I love the month of August. Growing up as a child in Tucson I always loved the summer monsoon season. This year’s monsoon is certainly off to a good start — so far, we have received 5.10 inches of rain at our home!
August is certainly a time of tremendous transition for migratory birds — a lot of birds start making their way south in August, and hummingbird migration activity reaches its peak in August. Each year the number of hummingbirds at feeders gradually increases in June and July, and reaches a crescendo in August. Individuals living at higher elevations — and on ridgelines and hilltops — typically experience the greatest amount of hummingbird activity in August.
Most of the feeders I have in my yard are small capacity, ranging from eight to 16 ounces. Each year I hear from customers in highly active hummingbird areas that they go through between two and three gallons (yes, I said gallons!) of nectar per day!
It is pretty astonishing to hear how many pounds of sugar some customers go through each year to keep their hummingbird feeders going. I am frequently asked if it is ‘safe’ or ‘okay’ to feed hummingbirds. I think as long as you are using the right ratio of water and sugar (4 parts water to 1 part sugar), and if you stay away from adding food coloring, your feeders provide a benefit to birds.
With such a high metabolism, their caloric needs are extremely high. Maybe you could compare this to an Olympic athlete and how many calories he or she consumes per day. It is important to remember that hummingbirds also eat a lot of insects and spiders! Flower nectar and sugar water at hummingbird feeders is just a part of their diet.
It is not uncommon for customers to have multiple feeders, with a backstock of filled feeders in the house so they can instantly replace empty feeders. I know when I fill my hummingbird feeders, I try to do so quickly. I hustle to make a short turnaround from the time I bring the feeders inside to wash, rinse, and refill and get them back outside.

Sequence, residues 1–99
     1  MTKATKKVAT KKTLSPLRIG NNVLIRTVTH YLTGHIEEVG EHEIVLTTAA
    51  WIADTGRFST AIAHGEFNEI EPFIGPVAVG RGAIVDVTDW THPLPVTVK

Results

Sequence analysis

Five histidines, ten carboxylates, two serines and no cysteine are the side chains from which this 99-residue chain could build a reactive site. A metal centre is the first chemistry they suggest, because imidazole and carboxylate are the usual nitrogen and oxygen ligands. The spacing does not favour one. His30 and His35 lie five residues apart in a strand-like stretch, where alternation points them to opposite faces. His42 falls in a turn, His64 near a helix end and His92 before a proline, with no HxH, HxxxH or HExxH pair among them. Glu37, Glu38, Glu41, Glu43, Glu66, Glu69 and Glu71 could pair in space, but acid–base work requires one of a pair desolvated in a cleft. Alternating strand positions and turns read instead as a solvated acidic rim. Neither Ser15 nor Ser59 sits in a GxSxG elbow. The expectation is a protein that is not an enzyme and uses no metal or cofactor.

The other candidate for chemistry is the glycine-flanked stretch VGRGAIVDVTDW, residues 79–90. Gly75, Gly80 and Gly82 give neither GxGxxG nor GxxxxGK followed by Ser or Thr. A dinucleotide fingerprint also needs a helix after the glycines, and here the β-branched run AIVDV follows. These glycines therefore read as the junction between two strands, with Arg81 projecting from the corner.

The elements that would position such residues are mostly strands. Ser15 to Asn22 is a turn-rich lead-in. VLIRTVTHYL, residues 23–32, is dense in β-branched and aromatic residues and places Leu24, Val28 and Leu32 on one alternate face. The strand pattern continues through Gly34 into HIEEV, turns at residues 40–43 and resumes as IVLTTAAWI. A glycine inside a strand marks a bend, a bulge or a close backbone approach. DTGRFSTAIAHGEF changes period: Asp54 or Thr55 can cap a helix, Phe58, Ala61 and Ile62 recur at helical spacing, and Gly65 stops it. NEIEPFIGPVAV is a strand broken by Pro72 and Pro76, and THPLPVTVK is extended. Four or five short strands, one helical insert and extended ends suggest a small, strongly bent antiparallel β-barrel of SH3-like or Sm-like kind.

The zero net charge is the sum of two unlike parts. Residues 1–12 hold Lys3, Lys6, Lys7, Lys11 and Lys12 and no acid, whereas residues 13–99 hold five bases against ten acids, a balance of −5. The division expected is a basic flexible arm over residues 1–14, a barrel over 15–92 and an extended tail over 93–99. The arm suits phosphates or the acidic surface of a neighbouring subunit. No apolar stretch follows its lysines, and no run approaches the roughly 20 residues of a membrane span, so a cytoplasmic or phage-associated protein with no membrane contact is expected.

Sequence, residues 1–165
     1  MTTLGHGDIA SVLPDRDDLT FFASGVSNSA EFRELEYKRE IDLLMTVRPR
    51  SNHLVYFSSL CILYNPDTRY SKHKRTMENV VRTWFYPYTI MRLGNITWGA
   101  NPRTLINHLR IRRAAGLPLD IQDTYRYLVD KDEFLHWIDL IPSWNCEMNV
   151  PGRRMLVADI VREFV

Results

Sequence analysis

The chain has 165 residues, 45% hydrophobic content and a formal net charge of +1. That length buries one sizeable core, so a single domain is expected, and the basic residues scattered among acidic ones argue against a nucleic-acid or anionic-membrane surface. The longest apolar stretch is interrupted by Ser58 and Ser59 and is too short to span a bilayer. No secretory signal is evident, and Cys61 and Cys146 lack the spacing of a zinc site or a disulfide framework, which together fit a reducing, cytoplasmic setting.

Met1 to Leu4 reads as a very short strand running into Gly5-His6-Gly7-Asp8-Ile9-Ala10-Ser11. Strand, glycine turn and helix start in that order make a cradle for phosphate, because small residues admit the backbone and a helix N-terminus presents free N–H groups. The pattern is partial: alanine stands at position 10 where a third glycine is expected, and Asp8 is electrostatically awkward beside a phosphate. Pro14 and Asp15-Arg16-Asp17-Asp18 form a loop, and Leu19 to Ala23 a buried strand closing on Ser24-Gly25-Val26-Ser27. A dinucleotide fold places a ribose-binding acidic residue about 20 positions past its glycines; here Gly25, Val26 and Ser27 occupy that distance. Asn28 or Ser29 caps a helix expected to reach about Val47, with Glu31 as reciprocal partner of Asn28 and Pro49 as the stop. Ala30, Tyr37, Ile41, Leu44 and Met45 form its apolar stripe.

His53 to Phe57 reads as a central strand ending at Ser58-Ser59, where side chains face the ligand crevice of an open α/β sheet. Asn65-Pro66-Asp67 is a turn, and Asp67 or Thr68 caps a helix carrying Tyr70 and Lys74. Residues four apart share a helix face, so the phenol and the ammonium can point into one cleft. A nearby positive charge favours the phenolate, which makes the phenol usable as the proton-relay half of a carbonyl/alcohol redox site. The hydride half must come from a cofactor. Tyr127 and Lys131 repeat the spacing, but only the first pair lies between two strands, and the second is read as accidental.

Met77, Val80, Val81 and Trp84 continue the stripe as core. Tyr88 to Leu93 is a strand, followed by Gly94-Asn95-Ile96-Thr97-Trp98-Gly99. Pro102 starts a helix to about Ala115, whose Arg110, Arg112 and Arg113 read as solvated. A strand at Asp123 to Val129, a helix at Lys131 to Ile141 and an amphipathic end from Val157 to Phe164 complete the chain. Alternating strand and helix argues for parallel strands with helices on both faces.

I also make a point to clean and fill my feeders during the middle of the day when there is the least demand for food. I absolutely stay away from refilling feeders at dusk, as this is the time of day when hummingbirds are tanking up and are more dependent on feeders.
High-capacity feeders are a great way to go if you are in a high-traffic area. One of our most popular feeders at the store is the Best-1 brand feeder, made in Poteet, Texas. It is a 32-ounce glass bottle with a plastic base. Surprisingly, even these high-capacity feeders can be emptied in a single day.
One of the nice things about this feeder is the fact that it doesn’t have yellow ‘flowers’ on the feeder, which is common in feeders made in China. Bees are attracted to the color yellow, and having yellow flowers on a hummingbird feeder is a really bad idea.
The most common hummingbird species passing through the Arizona Central Highlands during the month of August include Rufous, Anna’s, Black-chinned, broad-tailed and an occasional calliope hummingbird. Rarer species include Costa’s and broad-billed hummingbirds, so keep a close eye on your feeders for unusual species that might show up.
On a different note, on Sunday, Aug.1, I saw a new quail family with freshly hatched babies that were probably just a day or two old. I also had a black-headed grosbeak in my yard on Sunday.
Until next week, Happy Birding!
Eric Moore is the owner of Jay’s Bird Barn in Prescott, Arizona. Eric has been an avid birder for over 50 years. If you have questions about wild birds that you would like discussed in future articles, email him at firstname.lastname@example.org.